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Published 4 March 2014
This month we have wide ranging cases to report on from illegal working to post TUPE harmonisation. The TUPE case illustrates that even if an employer is reducing terms and conditions outside the context of a TUPE transfer, great care should still be taken to ensure proper collective and individual consultation.
Another interesting case concerns whether an employer could rely on its wording in a contract to dismiss summarily for "theft", which was gross misconduct for unfair dismissal purposes. The EAT found they could not and the employee was wrongfully dismissed because the "theft" had not been deliberate. On the subject of contractual wording we also have an EAT case where, because it was not sufficiently clear on what happened to accrued flexi-time on termination of employment, an employee ended up not being paid for over 1,000 hours of work. We also set out some of the legislative changes happening on 6 April in order that you can plan ahead.
In this case the Court of Appeal upheld the tribunal's finding that two employees were automatically unfairly dismissed for failing to agree to new terms and conditions, and that they should be re-engaged at their former rates of pay.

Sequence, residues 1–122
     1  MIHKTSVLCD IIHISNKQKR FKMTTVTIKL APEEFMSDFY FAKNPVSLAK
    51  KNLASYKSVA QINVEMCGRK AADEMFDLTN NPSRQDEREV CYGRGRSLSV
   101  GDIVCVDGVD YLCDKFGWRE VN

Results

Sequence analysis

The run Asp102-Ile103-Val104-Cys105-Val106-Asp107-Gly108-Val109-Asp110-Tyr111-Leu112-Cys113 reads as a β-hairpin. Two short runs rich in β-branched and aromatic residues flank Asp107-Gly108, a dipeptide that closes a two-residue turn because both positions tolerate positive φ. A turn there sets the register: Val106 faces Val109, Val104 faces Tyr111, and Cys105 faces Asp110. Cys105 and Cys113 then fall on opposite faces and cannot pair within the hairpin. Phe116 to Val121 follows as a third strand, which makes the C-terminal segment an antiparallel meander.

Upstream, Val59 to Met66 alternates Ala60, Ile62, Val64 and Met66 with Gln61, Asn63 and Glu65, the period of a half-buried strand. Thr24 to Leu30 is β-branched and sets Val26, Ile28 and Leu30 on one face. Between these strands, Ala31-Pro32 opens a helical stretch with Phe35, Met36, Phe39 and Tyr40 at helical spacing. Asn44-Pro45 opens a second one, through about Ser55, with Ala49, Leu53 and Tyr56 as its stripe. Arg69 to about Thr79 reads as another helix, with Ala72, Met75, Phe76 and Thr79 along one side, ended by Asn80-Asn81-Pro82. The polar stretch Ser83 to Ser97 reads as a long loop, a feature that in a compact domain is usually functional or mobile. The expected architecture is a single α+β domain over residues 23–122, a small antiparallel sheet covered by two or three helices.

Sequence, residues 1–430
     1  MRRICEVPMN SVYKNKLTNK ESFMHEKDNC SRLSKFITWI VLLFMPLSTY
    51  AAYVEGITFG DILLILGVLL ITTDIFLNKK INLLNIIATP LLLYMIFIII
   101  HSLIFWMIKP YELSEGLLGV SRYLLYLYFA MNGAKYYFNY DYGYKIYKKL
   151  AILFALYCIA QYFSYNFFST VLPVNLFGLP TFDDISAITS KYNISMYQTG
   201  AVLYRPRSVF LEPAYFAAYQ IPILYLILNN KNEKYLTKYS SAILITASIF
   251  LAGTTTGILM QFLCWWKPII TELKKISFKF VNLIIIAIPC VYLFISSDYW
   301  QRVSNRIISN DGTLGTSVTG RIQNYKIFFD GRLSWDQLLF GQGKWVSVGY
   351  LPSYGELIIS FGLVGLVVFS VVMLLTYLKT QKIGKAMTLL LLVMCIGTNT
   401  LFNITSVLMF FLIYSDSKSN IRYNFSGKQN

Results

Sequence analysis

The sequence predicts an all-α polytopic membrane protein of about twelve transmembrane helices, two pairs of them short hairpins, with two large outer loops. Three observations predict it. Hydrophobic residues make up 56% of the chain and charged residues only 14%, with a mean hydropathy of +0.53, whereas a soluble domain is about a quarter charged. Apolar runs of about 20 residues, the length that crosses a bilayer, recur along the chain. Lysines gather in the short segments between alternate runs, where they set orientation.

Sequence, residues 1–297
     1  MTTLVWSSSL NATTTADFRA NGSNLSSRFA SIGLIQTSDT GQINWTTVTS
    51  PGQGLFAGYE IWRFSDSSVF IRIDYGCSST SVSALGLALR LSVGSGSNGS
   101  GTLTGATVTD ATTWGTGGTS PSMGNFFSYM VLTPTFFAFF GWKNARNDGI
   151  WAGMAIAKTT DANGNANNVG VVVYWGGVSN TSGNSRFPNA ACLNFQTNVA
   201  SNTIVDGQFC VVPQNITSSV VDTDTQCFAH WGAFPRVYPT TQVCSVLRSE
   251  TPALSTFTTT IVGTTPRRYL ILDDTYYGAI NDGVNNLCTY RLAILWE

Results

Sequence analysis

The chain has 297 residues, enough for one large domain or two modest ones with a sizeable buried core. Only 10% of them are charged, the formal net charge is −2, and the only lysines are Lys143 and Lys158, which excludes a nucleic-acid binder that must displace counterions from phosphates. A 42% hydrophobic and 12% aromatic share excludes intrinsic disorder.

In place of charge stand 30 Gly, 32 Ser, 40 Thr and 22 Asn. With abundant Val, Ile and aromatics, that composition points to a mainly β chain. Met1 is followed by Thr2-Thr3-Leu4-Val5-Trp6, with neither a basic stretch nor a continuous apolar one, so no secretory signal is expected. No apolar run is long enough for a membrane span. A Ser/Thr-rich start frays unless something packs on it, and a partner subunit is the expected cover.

In this case the EAT considered whether an employer could rely on a contractual clause which set out examples of misconduct that would entitle them to dismiss an employee without notice.
In what appears to be one of the first such cases since the introduction of employment tribunal and EAT fees in July 2013, the EAT has ordered a respondent to pay all of the successful appellant's fees for bringing an appeal.
This case looks at whether a claimant should be paid for accrued hours of flexi-time on the termination of his employment where his contract of employment was silent on this issue.
In this case the EAT said illegality was no defence against claims for sexual discrimination and harassment.
This case looks at whether an employee could bring an unfair dismissal claim as a result of her employer subjecting her to a faulty redundancy process which they tried to cure on appeal.
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